https://arctichealth.org/en/permalink/ahliterature217635
Source
Ann Occup Hyg. 1994 Aug;38(4):519-23, 412
Publication Type
Article
Date
Aug-1994
Author
D. Liddell
Source
Ann Occup Hyg. 1994 Aug;38(4):519-23, 412
Date
Aug-1994
Language
English
Publication Type
Article
Keywords
Asbestos, Serpentine - adverse effects
Asbestosis
Humans
Italy - epidemiology
Laryngeal Neoplasms - epidemiology - etiology - mortality
Lung Neoplasms - epidemiology - etiology - mortality
Male
Mining
Neoplasms - epidemiology - etiology - mortality
Occupational Exposure
Quebec - epidemiology
Risk factors
Smoking
Stomach Neoplasms - epidemiology - etiology - mortality
Textile Industry
Time Factors
Abstract
New material was presented from pending publications arising from the follow-up to 1988 of the Quebec cohort of over 10,000 chrysotile miners and millers born 1891-1920. In reviewing these and previous findings, the following conclusions were drawn; they are supported, insofar as this is possible, by the only other relevant information, that from Balangero, in Northern Italy. There is strong evidence that the risk of lung cancer as a result of exposure to chrysotile at concentrations of less than 15 million particles per cubic foot is vanishingly small. At higher concentrations, the relative risk of lung cancer is elevated, but less so in smokers of 20 or more cigarettes a day than in others. The magnitude of this risk cannot be evaluated with any certainty, but this is unimportant as these higher concentrations (above about 50 f ml-1) are well outside the range of experience nowadays. There is no evidence that the risk of laryngeal cancer or of stomach cancer are adversely affected by exposure to chrysotile. Nor is there evidence of increased risks of other abdominal malignancies or of kidney cancer among chrysotile miners and millers. The risk of mesothelioma in chrysotile miners and millers is very low compared with the risks in populations exposed to amphiboles or to mixtures of fibres including even small proportions of amphiboles.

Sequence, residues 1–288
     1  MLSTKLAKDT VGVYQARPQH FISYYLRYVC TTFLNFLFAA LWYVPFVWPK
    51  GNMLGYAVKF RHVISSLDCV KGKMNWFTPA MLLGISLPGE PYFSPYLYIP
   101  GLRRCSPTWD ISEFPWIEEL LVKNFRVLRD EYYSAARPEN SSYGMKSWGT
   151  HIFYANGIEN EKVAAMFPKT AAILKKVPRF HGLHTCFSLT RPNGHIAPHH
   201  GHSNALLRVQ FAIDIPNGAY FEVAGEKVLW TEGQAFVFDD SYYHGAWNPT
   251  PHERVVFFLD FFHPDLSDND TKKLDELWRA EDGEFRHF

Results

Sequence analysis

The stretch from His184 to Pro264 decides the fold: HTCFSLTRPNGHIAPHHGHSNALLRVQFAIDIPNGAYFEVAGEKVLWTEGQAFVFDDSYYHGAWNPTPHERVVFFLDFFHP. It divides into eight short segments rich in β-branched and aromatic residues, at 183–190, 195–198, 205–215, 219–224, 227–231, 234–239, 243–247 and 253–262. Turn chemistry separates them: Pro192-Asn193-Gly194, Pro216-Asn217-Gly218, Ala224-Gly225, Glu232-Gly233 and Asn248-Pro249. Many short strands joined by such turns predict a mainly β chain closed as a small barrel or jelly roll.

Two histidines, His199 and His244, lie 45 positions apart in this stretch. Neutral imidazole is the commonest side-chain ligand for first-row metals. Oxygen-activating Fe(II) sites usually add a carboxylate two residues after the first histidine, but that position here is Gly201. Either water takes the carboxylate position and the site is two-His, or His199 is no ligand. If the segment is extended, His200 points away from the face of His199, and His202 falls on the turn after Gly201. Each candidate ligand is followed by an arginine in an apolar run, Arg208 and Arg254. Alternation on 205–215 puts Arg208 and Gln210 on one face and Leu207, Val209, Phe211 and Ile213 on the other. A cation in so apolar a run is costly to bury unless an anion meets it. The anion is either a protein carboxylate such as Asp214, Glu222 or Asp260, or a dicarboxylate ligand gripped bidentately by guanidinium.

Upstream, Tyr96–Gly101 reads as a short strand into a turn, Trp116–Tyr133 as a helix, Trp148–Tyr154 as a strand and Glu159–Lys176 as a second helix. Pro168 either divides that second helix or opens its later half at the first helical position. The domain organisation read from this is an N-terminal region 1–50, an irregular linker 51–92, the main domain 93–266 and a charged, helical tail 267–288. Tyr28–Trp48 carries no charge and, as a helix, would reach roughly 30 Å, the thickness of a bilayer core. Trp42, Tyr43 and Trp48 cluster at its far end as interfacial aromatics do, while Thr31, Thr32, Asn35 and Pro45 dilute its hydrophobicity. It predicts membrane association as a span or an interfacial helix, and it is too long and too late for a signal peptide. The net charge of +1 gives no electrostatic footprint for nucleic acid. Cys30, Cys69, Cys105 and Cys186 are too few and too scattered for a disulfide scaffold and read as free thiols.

PubMed ID
7978973 View in PubMed
Less detail

[Case-control study of lung cancer and combined home and work radon exposure in the town of Lermontov].

https://arctichealth.org/en/permalink/ahliterature126504
Source
Radiats Biol Radioecol. 2011 Nov-Dec;51(6):705-14
Publication Type
Article
Author
O A Pakholkina
M V Zhukovskii
I V Iarmoshenko
V L Lezhnin
S P Vereiko
Source
Radiats Biol Radioecol. 2011 Nov-Dec;51(6):705-14
Language
Russian
Publication Type
Article
Keywords
Adenocarcinoma - epidemiology
Air Pollutants, Radioactive - adverse effects
Alpha Particles
Case-Control Studies
Dose-Response Relationship, Radiation
Environmental Exposure
Female
Follow-Up Studies
Humans
Lung Neoplasms - epidemiology
Male
Mining
Neoplasms, Radiation-Induced - epidemiology
Occupational Diseases - epidemiology
Occupational Exposure
Radon - adverse effects
Russia
Uranium - adverse effects
Abstract
Relation between the risk of lung cancer and combined home and work indoor radon exposure was studied on the example of the population of Lermontov town (Stavropol Region, Russia). The town is situated in the former uranium mining area. Case (121 lung cancer cases) and control (196 individuals free of lung cancer diagnosis) groups of the study included both ex-miners and individuals that were not involved in the uranium industry. Home and work radon exposures were estimated using archive data as well as contemporary indoor measurements. The results of our study support the conclusion about the effect of radon exposure on the lung cancer morbidity.
PubMed ID
22384722 View in PubMed
Less detail

[Changes in dust content of workplace air during ore extraction at the Bazhenovsk chrysotile asbestos field].

https://arctichealth.org/en/permalink/ahliterature181738
Source
Med Tr Prom Ekol. 2003;(12):39-42
Publication Type
Article
Date
2003

Chrysotile, tremolite, and mesothelioma.

https://arctichealth.org/en/permalink/ahliterature215812
Source
Science. 1995 Feb 10;267(5199):776-7
Publication Type
Article
Date
Feb-10-1995